Climate change is only part of the story
The unfortunate squelching of the October 23 participation of three EPA scientists who were to report on aspects of the state of Narragansett Bay – largely for other scientists, managers, and policymakers – made national headlines. This opportunity-denied to report EPA-funded and EPA-sanctioned research overshadowed the initial and important findings.
The workshop to which scientists were invited was an important part of a broad peer-review process for a detailed study by the Narragansett Bay Estuary Program of Narragansett Bay and its watershed. Lessons learned from the study are broadly applicable and provide an opportunity for better management, protection, and restoration of coastal ecosystems generally.
A key report finding for Rhode Island and Massachusetts, is that the bay water is cleaner, which means healthier swimming and improved fish habitat. Over the past several decades, research and monitoring conditions have steered action plans that dramatically improved the bay and watershed. Investments in wastewater treatment facilities and restrictions on harmful chemicals have created a dramatic drop in pollution.
Harmful chemicals for example most heavy metals (mercury is a notable exception) and several dangerous chlorinated organic compounds used by industry or as pesticides have been reduced to levels unlikely to have negative biological effects. There has also been a 55 percent decrease in total nitrogen from wastewater treatment facilities in the watershed and a 45 percent decrease in total phosphorus. The Upper Blackstone Water Pollution Abatement District in Worcester, Massachusetts, reduced its nitrogen loading by 80 percent and phosphorus loading by 87 percent, the highest percent reductions of the 37 wastewater facilities in the region.
Excessive amounts of nutrients can harm aquatic life by stimulating algal growth, which leads to low levels of dissolved oxygen as the algae die and decompose. Low dissolved oxygen has been a major reason for fish movement out of the area and fish kills in the bay.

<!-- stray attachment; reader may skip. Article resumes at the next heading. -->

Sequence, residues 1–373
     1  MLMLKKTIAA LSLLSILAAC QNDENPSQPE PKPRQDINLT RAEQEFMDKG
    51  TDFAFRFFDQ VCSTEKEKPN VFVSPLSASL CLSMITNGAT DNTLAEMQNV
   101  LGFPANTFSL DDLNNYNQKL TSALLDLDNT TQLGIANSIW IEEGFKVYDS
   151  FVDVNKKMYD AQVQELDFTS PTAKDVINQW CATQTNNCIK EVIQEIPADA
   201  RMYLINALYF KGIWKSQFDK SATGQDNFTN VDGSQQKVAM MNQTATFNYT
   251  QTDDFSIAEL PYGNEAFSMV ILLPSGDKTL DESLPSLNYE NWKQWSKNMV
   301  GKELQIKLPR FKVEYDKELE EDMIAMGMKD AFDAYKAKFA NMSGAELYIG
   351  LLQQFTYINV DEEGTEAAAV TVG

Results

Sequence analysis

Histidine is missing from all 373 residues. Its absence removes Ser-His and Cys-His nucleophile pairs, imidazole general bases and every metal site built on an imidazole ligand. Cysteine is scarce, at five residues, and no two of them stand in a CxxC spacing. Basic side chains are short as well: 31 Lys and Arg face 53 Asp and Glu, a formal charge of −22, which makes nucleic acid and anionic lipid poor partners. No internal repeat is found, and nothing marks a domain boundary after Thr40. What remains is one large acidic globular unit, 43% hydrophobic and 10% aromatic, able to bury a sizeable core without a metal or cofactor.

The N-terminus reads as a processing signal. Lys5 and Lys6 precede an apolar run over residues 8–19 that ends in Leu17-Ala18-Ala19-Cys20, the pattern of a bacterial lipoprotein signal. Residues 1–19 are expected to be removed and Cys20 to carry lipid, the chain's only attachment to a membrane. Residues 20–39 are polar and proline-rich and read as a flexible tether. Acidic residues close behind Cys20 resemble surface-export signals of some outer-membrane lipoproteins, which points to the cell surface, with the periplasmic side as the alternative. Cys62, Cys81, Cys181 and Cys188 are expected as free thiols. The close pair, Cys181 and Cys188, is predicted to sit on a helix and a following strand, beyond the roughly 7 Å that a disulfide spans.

Additional investments in reducing overflows of raw sewage in the bay are paying off. Since 2010 the rate of water quality recovery has increased rapidly, enhancing the shellfishing industry. In 2017 an additional 3,711 acres in Rhode Island were converted from “conditionally approved to open for shellfishing” to being “open without restrictions.” Other economic benefits include enhanced tourism, real estate values, and commerce as a cleaner bay and watershed supports a better quality of life for those that live, work and vacation here.
However, the report highlights the need to do more to combat the effects of climate change, which the data show are accelerating at a faster pace, and the impacts of which are likely to undo the hard won improvements mentioned above. From 1960 to 2015, bay water temperature increased approximately 3 degrees F and air temperature projections out to 2100 could result in an additional 5 to 10 degrees F. Additionally, the National Oceanographic and Atmospheric Administration projects that sea level could rise as much as nine to eleven feet at Newport by 2100.
Along Narragansett Bay and our southern coastal shores 3,765 buildings, seventeen square miles of land, and the homes of over 10,000 people would be inundated if the sea rises seven feet. The lower Taunton River basin is especially vulnerable due to its shallow slopes.
Much of our existing salt marshes will be lost under accelerated sea level rise, affecting fish, birds, and wildlife.
We also see warm water fish moving into the bay in greater abundance than ever before. Scup, black sea bass, and summer flounder are all warm-water fish that are now plentiful in the bay. However, cold-water fish like winter flounder, red hake, and, in recent years, lobsters are leaving the bay for cooler environments.
The way forward is to invest in research, monitoring, and infrastructure to adapt to the effects of climate change. If we do not, our quality of life, and the social and economic vitality of the cities and towns in Narragansett Bay and watershed areas, are at risk.
The investments are necessary to mitigate the effects of climate change documented through years of research. These include air and water temperature increases, sea level rise, more powerful storms, rainfall that is increasing and snowfall that is declining. These changes affect the bay and the watershed, including the Blackstone River, Taunton River, and Pawtuxet River basins.
The State of Narragansett Bay and Its Watershed Report combines key findings of the Narragansett Bay Estuary Program and over 50 research partners in Massachusetts and Rhode Island. While most of the bay is in Rhode Island, 60 percent of the watershed lies within Massachusetts.
The call for funding to do more research and monitoring is important. We need to understand the changes occurring in the bay and watershed to enable well-informed adaptation and mitigation planning.
We must take aggressive and swift actions on the reduction of greenhouse gases and the implementation of local adaptation strategies necessary if we hope to avoid catastrophic outcomes.
A copy of the Narragansett Bay and Its Watershed Report can be found at www.nbep.org.
Judith Swift is Chair of the Narragansett Bay Estuary Program’s Steering Committee and Director of the Coastal Institute of Rhode Island and Professor of Communication Studies and Theater, University of Rhode Island. John W. King, PhD is Chair of the Narragansett Bay Estuary Program’s Science Advisory Committee and Professor of Oceanography, Graduate School of Oceanography, University of Rhode Island.